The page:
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What legacy do I want to leave behind?

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This blog comes to us from Justine Dale Gelbolinga, a DeBruce Career Corps member and student at the University of Missouri-Kansas City. Justine recently represented The DeBruce Foundation at We Work for Change, an annual event hosted by United WE. On stage, she closed the evening with a moving call to action for all of us to keep empowering women. Here, she reflects on the evening and her career journey. 

When I was asked to do this blog, I thought all the wisdom I had stored inside would just spew out- that I would be this well of knowledge. However, as luck would have it, I was drier than the Atacama Desert. The one thing, though, that kept echoing in my mind was my most recent experience presenting on the stage for United WE, representing The DeBruce Foundation as a Career Corps Member.

Picture it with me: there were 1,400+ individuals listening to my voice (ew, I know right?), being attentive to the words I echoed from the teleprompter, as I closed off a wonderful ceremony for women’s rights, gender equity, commemorating former Secretary of State- Madeleine Albright, and welcoming a new voice to United WE’s Mission- Ret. Lieutenant General Nadja West. 

Being up on that stage was a surreal experience, mostly because I had spent my weeks prior to the event having breakdowns and what felt like a midlife crisis at 20 years old. You see the thing was, I had always planned my life out to the “T”. At a very young age, I had a plan B, plan C, plan B(a), so on and so forth… It’s what made me feel safe, protected, and comfortable. And as luck was rearing its head again, I moved out to make a life of my own. However, no one told me that “making a life of your own” came with big-girl decisions like deciding if the career that I had chosen at 7- and stuck to – was actually what I wanted to pursue. Up to that point, I considered myself a self-acclaimed very successful individual. I had done events and projects at a younger age than my fellow peers, and of course, it made me feel great. I felt “ahead of the schedule”.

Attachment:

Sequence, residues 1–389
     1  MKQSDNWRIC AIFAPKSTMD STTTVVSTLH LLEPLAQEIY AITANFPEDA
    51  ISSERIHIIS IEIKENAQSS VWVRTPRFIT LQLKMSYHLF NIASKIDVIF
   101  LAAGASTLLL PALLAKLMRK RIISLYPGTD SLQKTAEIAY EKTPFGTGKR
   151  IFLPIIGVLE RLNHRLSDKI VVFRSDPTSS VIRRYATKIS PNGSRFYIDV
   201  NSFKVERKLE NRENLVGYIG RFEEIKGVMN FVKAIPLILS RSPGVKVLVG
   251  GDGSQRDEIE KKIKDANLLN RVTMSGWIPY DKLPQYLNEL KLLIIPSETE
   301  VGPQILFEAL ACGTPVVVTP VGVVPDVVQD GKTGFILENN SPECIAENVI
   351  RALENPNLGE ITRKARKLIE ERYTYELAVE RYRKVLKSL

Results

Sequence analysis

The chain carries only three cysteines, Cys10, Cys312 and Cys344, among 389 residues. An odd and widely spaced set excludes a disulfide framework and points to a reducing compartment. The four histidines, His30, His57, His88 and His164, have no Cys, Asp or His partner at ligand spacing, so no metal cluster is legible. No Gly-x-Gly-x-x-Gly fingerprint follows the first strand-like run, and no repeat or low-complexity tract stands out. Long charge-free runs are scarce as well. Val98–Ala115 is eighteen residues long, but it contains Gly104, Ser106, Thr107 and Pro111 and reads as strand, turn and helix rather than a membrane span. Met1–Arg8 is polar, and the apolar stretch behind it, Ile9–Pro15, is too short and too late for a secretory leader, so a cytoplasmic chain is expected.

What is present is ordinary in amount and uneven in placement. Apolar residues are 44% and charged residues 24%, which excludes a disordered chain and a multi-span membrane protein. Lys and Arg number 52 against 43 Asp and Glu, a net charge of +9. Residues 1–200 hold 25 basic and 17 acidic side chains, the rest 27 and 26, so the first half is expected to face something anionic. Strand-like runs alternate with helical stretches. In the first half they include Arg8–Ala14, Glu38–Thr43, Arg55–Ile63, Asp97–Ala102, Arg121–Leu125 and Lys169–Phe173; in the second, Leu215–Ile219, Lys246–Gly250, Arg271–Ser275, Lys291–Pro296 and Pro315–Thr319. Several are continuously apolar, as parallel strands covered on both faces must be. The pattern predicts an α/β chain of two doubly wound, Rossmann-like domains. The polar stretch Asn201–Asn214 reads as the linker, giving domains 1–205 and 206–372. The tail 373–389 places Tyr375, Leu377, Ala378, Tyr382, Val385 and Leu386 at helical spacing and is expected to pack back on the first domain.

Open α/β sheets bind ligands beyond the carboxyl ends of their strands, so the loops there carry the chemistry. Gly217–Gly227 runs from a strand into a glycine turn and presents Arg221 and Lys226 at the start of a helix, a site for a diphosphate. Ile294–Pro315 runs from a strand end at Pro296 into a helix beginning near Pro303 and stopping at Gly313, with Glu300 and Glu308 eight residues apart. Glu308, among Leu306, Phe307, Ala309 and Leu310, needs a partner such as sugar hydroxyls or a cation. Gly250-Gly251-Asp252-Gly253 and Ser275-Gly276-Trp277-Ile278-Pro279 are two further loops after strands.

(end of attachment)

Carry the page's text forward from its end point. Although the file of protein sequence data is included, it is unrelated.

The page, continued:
Truth is, at 20, I have done great things. I’ve presented on some amazing stages and I’ve made very important close connections with notable individuals. That being said, at 20 I realized that I don’t need everything figured out, I don’t even need the next day figured out. I understood that the plans you make at 7 & 17 aren’t necessarily what you will pursue in the future.

Organizations like The DeBruce Foundation are paving a way for youth to figure out what values they hold close as a stepping stone for our future careers. Regardless of what stage you are in your life, the accessibility of having free tools you can utilize to make a layout, or decisions, of what trajectory your life will head is something so incredibly vital and not heard of enough. Being a part of the DeBruce Career Corps gives you those foundations with other like-minded individuals that help to keep you grounded. 

Standing on that stage with all of those amazing women helped me realize that life is going to keep moving, whether we like it or not, but that it’s up to us to decide how life will be in 7 & 17 years from now. Will I be part of the change, the movement- or will I stay behind, and be comfortable in our economy as it is? Listening to Nadja West was a wake-up call for all of our current and future children in the world.

And as the words “what legacy do I want to leave behind?” echoed in my head, I looked up on that stage before I walked out, to see the words “Legacy of Women” with my name, Justine Dale Gelbolinga, right below it. Though it might’ve not been directly referring to me, I know that at 20 years old, I am part of the change and the movement that’s creating a more sustainable, equitable, unprejudiced, and fair world for our future women and children

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